Strategic CIO // IT Strategy
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5/30/2014
10:25 AM
David Wagner
David Wagner
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Pizza & Leadership: 4 Lessons

If you want to be a good leader, treat your team members in a way that makes them want to buy you a pizza. Allow us to explain.

the reason certain work needs to get done by a certain time. For example, "We need to get this done by the end of this week, or a factory will sit idle and people will get laid off," is a much more effective message than telling employees, "We have to get this in next week, because the project is three weeks behind schedule."

2. Show gratitude.
The study showed that of 19 types of politeness measured (such as saying "please," greeting people, deference to social standing, and apologies), only one showed a statistical impact on success rates: gratitude. Too many leaders don't bother saying thank you and mistake the paycheck for thanks enough. A little gratitude goes a long way toward making employees feel valued.

3. Be positive.
Not surprisingly, posts on a site where people ask for food tend to be negative and sad. Surprisingly, the Stanford study found that the posts that conveyed optimism and a positive attitude were more successful in getting a pizza than the downers. Sometimes, less "needy" individuals (like those asking for pizza for a birthday party, for example) had better results than those expressing great need. When it's time to rally your troops around a project or work event that you know they aren't going to like, try emphasizing the good news instead of the bad.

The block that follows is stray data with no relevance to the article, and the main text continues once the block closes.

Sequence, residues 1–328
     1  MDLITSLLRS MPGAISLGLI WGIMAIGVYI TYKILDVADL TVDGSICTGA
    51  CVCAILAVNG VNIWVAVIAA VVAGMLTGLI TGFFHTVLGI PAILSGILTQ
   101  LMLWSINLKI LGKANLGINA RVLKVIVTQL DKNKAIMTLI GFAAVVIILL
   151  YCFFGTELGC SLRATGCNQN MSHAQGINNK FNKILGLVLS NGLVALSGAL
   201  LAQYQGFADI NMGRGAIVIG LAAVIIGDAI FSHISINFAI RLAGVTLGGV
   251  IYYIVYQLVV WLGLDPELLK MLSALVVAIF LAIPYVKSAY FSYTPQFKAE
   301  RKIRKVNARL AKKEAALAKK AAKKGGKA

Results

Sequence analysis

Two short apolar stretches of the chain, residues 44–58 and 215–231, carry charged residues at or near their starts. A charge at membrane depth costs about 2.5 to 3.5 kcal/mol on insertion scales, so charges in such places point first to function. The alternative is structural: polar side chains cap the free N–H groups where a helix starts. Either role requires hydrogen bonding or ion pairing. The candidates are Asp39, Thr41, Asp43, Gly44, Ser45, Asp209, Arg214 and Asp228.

4. Be one of the gang.
The Stanford study showed that members of the Reddit community were more likely to help those who they thought were like them in some way. It's easy for leaders, especially those high up the ladder, to assume a persona that lifts them above the group. If you do that, be prepared to have it backfire at key moments of need unless you can also cultivate some aspect of "sameness." It works even better if you are actually able to relate to your employees. Even if you can't, do your best to cultivate a personality your team can relate to.

It should be easier for a leader to inspire a team than it is for people to get perfect strangers to buy them pizzas. You have the advantage of personal contact, a built-in understanding of why a team member might need to deliver at a given moment, and significantly more access to what makes them likely to get involved. But you also have the handicap that your behavior is monitored 40 hours (or more) a week by your team. If you want to be a good leader, you might want to consider treating your team members as if you always want them to buy you a pizza. Maybe they will. If they don't, at least they'll be more likely to work hard for you.

What inspires you at work? Which leadership traits have you found to be least effective in your IT organization? Tell us all about them in the comments section below.